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The UK criminal justice system needs further, urgent reform to better serve the needs of victims of cyber crime, who face barriers to reporting offences, receive inadequate support, and rarely achieve any form of justice, according to a study commissioned by the Home Office and HM Inspectorate of Constabulary, Fire and Rescue Services (HMICFRS).
The research, conducted at the University of Portsmouth, set out to assess the nature and impact of crime related to misuse of computers – including most forms of cyber crimes, such as hacking, malware and ransomware infections, and distributed denial of service (DDoS) attacks. It is the first major UK study into the impact felt by victims.
It concluded that the police lack the proper resources to effectively fight cyber crime and protect and support its victims, and made several recommendations for system-wide changes that the wider cyber security sector could take into account to work more effectively in this regard.
Mark Button, director of the Centre for Counter Fraud Studies at the University of Portsmouth’s Institute of Criminal Justice Studies, said: “There has been a perception that cyber crimes don’t have as bad an impact as some physical crimes, but this report shows that computer misuse crime has a similar, and in some cases a worse, impact than comparable traditional crimes, such as burglary.
“We found victims who compared cyber attacks to physical assaults, some rape and some contemplating suicide as a consequence. We also found some victims struggling to report these crimes. For example, one woman whose laptop camera had been hacked by criminals was dismissed by the police, and another lady whose estranged husband hacked her computer to secure advantage in divorce negotiations was told it was not a crime.”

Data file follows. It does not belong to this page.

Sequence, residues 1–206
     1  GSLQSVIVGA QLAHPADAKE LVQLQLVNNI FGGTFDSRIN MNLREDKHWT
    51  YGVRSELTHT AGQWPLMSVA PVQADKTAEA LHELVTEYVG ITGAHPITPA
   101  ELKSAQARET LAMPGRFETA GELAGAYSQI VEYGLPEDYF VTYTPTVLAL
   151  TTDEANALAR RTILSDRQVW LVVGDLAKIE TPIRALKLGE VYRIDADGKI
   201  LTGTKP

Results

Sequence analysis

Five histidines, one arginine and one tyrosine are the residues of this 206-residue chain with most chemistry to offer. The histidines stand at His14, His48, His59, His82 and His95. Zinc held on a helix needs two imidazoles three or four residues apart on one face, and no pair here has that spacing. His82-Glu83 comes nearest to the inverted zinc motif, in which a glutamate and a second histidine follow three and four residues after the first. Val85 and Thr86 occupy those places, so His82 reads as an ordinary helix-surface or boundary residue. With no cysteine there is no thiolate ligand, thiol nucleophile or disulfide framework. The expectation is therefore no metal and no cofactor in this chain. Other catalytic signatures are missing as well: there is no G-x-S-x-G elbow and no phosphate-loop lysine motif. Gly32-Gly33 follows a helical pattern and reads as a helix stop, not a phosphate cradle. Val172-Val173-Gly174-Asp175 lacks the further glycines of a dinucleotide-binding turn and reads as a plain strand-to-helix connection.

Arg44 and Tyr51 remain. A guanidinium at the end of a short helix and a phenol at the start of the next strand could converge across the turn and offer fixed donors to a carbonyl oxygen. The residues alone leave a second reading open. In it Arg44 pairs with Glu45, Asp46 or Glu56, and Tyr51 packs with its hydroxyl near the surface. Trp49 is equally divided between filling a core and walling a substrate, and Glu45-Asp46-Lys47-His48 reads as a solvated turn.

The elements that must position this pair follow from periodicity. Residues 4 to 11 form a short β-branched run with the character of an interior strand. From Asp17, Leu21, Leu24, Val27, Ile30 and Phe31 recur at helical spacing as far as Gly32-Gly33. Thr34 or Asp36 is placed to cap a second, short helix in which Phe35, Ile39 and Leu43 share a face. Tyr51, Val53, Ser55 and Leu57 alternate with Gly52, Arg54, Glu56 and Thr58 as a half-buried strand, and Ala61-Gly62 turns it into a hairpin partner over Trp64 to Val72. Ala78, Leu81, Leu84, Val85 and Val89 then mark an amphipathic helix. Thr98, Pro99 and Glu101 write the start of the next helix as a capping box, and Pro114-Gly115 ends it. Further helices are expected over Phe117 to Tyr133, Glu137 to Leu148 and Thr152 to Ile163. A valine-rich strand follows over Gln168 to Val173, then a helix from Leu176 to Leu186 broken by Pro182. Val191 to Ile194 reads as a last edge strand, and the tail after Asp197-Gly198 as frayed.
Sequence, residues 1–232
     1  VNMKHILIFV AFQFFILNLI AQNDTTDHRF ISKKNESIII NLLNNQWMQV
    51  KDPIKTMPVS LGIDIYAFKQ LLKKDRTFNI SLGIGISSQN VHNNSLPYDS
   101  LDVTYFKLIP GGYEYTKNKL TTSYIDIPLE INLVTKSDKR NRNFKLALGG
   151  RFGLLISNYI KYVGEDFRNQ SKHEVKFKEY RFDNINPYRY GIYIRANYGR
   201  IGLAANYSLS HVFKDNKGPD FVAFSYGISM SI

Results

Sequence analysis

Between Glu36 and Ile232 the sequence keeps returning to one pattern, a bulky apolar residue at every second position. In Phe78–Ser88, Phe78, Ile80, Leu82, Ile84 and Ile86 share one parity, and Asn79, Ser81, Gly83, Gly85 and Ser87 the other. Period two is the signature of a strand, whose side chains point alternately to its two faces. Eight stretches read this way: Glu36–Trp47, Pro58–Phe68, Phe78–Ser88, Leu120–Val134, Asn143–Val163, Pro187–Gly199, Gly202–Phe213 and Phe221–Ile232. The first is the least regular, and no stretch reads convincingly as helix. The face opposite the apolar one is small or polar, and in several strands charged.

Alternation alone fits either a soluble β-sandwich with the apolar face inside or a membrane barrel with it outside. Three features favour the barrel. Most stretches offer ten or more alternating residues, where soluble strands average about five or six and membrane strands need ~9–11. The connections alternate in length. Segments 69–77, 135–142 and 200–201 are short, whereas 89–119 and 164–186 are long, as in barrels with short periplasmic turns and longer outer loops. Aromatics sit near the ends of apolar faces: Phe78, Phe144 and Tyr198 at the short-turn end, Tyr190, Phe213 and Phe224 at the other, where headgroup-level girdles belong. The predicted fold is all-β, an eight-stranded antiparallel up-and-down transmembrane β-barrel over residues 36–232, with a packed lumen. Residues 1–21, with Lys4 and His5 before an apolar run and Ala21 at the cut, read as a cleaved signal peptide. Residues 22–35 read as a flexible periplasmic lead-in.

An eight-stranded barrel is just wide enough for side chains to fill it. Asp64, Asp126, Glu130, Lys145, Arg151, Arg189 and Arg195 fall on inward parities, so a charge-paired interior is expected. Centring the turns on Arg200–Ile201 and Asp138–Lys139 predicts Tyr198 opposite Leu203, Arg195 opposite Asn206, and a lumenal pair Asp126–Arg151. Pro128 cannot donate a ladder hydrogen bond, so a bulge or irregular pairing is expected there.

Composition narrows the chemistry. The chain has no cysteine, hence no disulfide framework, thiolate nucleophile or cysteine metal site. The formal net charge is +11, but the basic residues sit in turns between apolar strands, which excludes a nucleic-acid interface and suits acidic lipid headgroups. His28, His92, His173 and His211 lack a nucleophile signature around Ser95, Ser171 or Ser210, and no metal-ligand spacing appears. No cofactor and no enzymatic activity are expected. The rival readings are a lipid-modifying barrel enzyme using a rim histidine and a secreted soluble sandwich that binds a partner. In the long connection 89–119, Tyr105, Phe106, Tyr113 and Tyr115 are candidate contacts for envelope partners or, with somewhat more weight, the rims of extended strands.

Button and his team, who conducted 52 in-depth interviews with victims, along with a wider survey of 252 people, said computer misuse crime was poorly classified by the authorities, and recommended at the most fundamental level a new reporting system be developed, to be regularly monitored and evaluated by Action Fraud and the National Fraud Intelligence Bureau.
Button also found that the Action Fraud brand name represented a barrier to the reporting of some crimes, and recommended it be renamed the National Fraud and Cybercrime Reporting Centre to better account for cyber crime.
The report went on to recommend a high-level review of all police force websites about what advice is given on such crimes, to ensure more consistency in reporting across the UK. This should go hand-in-hand with improved training for frontline officers and other police staff to understand exactly what constitutes a computer misuse offence, it said.
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The report also suggested that the National Cyber Security Centre (NCSC) be given the explicit task of working with organisations that regularly receive complaints about cyber crime – such as banks or social media platforms – to encourage people to report through centralised web links.
Finally, Button’s report highlighted the need to increase the resources made available to tackle computer misuse. Many of the interviewees questioned by the research team said they received neither a police investigation nor support, and in only four cases was the perpetrator brought to justice. Resources for dealing with cyber crime are often built too much on short-term funding models, the report said.
“Despite nearly a million computer misuse crimes being reported in the 2018 England and Wales crime survey, just 23,683 were recorded by Action Fraud,” said Button. “This illustrates significant under-reporting and highlights a subsequent lack of support for those who have often been left deeply affected by the crimes.”